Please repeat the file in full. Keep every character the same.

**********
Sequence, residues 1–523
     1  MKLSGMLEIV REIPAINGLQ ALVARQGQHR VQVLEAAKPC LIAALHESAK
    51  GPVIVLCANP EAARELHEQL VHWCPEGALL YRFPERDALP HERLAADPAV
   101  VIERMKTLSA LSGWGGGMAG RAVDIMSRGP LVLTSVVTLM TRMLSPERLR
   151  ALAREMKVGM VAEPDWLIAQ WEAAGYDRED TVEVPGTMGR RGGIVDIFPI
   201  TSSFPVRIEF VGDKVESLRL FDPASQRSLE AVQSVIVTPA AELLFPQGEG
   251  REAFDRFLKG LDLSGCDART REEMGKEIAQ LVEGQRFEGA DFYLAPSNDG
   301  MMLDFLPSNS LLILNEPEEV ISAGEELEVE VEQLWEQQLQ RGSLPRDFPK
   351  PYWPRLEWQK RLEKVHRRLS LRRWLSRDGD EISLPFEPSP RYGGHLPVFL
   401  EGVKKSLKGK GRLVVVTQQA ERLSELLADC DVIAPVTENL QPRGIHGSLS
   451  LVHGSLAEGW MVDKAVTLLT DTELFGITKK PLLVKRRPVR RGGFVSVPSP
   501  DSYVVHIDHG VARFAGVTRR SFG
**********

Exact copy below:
Sequence, residues 1–523
     1  MKLSGMLEIV REIPAINGLQ ALVARQGQHR VQVLEAAKPC LIAALHESAK
    51  GPVIVLCANP EAARELHEQL VHWCPEGALL YRFPERDALP HERLAADPAV
   101  VIERMKTLSA LSGWGGGMAG RAVDIMSRGP LVLTSVVTLM TRMLSPERLR
   151  ALAREMKVGM VAEPDWLIAQ WEAAGYDRED TVEVPGTMGR RGGIVDIFPI
   201  TSSFPVRIEF VGDKVESLRL FDPASQRSLE AVQSVIVTPA AELLFPQGEG
   251  REAFDRFLKG LDLSGCDART REEMGKEIAQ LVEGQRFEGA DFYLAPSNDG
   301  MMLDFLPSNS LLILNEPEEV ISAGEELEVE VEQLWEQQLQ RGSLPRDFPK
   351  PYWPRLEWQK RLEKVHRRLS LRRWLSRDGD EISLPFEPSP RYGGHLPVFL
   401  EGVKKSLKGK GRLVVVTQQA ERLSELLADC DVIAPVTENL QPRGIHGSLS
   451  LVHGSLAEGW MVDKAVTLLT DTELFGITKK PLLVKRRPVR RGGFVSVPSP
   501  DSYVVHIDHG VARFAGVTRR SFG